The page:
New York Times
January 13, 2005
WASHINGTON, Jan. 12 - At the urging of the White House, Congressional leaders scrapped a legislative measure last month that would have imposed new restrictions on the use of extreme interrogation measures by American intelligence officers, Congressional officials say.
The defeat of the proposal affects one of the most obscure arenas of the war on terrorism, involving the Central Intelligence Agency's secret detention and interrogation of top terror leaders like Khalid Sheikh Mohammed, the mastermind of the Sept. 11 attacks, and about three dozen other senior members of Al Qaeda and its offshoots.
The Senate had approved the new restrictions, by a 96-to-2 vote, as part of the intelligence reform legislation. They would have explicitly extended to intelligence officers a prohibition against torture or inhumane treatment, and would have required the C.I.A. as well as the Pentagon to report to Congress about the methods they were using.
But in intense closed-door negotiations, Congressional officials said, four senior members from the House and Senate deleted the restrictions from the final bill after the White House expressed opposition.
In a letter to members of Congress, sent in October and made available by the White House on Wednesday in response to inquiries, Condoleezza Rice, the national security adviser, expressed opposition to the measure on the grounds that it "provides legal protections to foreign prisoners to which they are not now entitled under applicable law and policy."
Earlier, in objecting to a similar measure in a Senate version of the military authorization bill, the Defense Department sent a letter to Congress saying that the department "strongly urges the Senate against passing new legislation concerning detention and interrogation in the war on terrorism" because it is unnecessary.
The Senate restrictions had not been in House versions of the military or intelligence bills.
In interviews on Wednesday, both Senator Susan Collins of Maine, a Republican negotiator, and Representative Jane Harman of California, a Democratic negotiator, said the lawmakers had ultimately decided that the question of whether to extend the restrictions to intelligence officers was too complex to be included in the legislation.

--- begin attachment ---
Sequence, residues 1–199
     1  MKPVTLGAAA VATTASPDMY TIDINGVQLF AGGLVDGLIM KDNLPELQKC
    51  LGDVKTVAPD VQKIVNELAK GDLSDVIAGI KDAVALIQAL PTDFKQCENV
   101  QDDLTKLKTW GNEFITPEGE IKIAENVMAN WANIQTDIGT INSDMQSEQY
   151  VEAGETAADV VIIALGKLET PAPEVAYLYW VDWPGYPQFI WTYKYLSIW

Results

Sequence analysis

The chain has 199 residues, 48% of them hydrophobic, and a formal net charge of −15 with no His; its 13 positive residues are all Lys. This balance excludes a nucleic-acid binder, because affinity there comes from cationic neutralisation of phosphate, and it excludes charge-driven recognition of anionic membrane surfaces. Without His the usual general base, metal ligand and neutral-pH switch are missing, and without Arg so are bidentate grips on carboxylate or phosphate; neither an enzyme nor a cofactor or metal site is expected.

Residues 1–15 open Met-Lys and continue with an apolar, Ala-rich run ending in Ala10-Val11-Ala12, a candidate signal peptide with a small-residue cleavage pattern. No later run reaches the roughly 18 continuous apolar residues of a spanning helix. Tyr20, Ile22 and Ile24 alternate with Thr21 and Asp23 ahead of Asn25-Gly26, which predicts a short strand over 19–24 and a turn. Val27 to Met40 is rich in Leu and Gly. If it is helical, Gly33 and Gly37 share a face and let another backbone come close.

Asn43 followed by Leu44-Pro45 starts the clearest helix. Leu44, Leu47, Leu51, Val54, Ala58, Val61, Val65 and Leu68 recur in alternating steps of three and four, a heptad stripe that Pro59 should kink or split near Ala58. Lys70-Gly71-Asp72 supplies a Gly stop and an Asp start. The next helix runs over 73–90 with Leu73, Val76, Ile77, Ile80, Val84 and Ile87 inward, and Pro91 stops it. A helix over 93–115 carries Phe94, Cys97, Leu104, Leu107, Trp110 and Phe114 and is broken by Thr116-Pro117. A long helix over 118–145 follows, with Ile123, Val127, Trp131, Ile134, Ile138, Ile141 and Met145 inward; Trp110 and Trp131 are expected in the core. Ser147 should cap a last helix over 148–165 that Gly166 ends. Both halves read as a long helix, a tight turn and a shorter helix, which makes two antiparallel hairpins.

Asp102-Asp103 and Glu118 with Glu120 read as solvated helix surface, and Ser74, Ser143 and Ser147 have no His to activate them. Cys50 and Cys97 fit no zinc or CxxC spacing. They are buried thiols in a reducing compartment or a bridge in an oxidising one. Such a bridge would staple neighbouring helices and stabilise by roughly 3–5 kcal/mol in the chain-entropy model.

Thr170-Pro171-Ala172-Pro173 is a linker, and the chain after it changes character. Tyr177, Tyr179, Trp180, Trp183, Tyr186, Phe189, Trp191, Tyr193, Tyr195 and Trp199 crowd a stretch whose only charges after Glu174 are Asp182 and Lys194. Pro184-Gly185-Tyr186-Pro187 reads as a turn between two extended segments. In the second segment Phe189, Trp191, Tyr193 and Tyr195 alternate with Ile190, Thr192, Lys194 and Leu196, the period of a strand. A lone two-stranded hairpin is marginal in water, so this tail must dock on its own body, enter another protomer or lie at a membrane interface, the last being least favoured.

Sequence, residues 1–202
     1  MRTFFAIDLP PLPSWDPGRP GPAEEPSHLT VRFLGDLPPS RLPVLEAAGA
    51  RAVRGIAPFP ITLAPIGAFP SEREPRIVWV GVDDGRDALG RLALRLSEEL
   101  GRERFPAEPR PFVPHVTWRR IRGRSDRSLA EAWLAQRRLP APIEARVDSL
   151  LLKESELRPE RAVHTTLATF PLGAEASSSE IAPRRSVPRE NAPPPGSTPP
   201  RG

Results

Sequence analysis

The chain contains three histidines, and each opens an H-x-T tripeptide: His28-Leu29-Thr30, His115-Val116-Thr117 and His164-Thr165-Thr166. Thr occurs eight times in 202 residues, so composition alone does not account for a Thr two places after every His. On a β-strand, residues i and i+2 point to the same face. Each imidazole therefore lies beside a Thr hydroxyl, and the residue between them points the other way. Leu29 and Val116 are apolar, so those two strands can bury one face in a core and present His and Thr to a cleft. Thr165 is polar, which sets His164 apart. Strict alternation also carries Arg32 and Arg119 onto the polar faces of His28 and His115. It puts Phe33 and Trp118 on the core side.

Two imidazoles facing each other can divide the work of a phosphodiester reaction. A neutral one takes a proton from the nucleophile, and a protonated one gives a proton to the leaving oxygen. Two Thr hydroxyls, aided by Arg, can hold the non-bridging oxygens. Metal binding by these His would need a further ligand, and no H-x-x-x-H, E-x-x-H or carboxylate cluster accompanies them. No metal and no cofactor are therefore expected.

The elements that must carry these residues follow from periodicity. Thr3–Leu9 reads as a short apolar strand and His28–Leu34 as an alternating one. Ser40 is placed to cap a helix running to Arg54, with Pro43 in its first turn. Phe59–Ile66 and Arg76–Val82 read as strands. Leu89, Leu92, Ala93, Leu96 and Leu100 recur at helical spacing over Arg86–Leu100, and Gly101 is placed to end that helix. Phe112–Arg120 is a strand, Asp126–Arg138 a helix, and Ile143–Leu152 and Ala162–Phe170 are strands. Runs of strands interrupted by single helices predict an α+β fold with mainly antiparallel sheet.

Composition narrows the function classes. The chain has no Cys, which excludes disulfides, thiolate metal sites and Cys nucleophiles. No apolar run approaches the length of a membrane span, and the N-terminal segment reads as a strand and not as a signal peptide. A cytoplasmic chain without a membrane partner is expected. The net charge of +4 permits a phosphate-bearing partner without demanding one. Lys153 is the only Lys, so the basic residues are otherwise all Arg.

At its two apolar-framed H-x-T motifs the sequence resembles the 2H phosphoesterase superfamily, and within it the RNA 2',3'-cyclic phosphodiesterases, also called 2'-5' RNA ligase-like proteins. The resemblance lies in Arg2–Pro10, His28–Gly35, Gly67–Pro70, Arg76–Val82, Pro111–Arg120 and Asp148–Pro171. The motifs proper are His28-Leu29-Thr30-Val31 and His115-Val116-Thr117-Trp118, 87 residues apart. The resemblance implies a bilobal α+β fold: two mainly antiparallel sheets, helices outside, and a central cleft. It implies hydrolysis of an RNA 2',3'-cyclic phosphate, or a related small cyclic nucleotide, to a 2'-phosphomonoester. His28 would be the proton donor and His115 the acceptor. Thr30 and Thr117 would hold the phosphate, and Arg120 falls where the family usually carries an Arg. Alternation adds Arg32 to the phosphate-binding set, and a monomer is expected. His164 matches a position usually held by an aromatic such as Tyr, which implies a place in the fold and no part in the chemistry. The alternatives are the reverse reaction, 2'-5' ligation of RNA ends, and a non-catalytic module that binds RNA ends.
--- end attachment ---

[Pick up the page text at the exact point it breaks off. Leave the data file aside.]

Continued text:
"The conferees agreed that they would drop the language but with the caveat that the intelligence committees would take up the issue this year," Ms. Collins said.
Ms. Harman said, "If there are special circumstances around some intelligence interrogations, we should understand that before we legislate."
Some Democratic Congressional officials said they believed that the Bush administration was trying to maintain some legal latitude for the C.I.A. to use interrogation practices more extreme than those permitted by the military.
In its report last summer, the independent commission on the Sept. 11 attacks recommended that the United States develop policies to guarantee that captured terrorists were treated humanely.
Martin Lederman, a former Justice Department lawyer who left the department in 2002, said in an interview on Wednesday that he believed that the administration had "always wanted to leave a loophole where the C.I.A. could engage in actions just up to the line of torture."
The administration has said almost nothing about the C.I.A. operation to imprison and question terror suspects designated as high-value detainees, even as it has expressed disgust about abuses at the Abu Ghraib prison in Iraq. Senior officials have sought in recent public statements to emphasize that the government will continue to abide by federal laws that prohibit torture.
At his confirmation hearing last week on his nomination to be attorney general, Alberto R. Gonzales said he found torture abhorrent.
The issue of the C.I.A.'s treatment of detainees first arose after agency officials sought legal guidance on how far its employees and contractors could go in interrogating terror suspects and whether the law barred the C.I.A. from using extreme methods, including feigned drowning, in the interrogation of Abu Zubaydah, the first of the Qaeda leaders captured by the United States. He was apprehended in Pakistan in early 2002.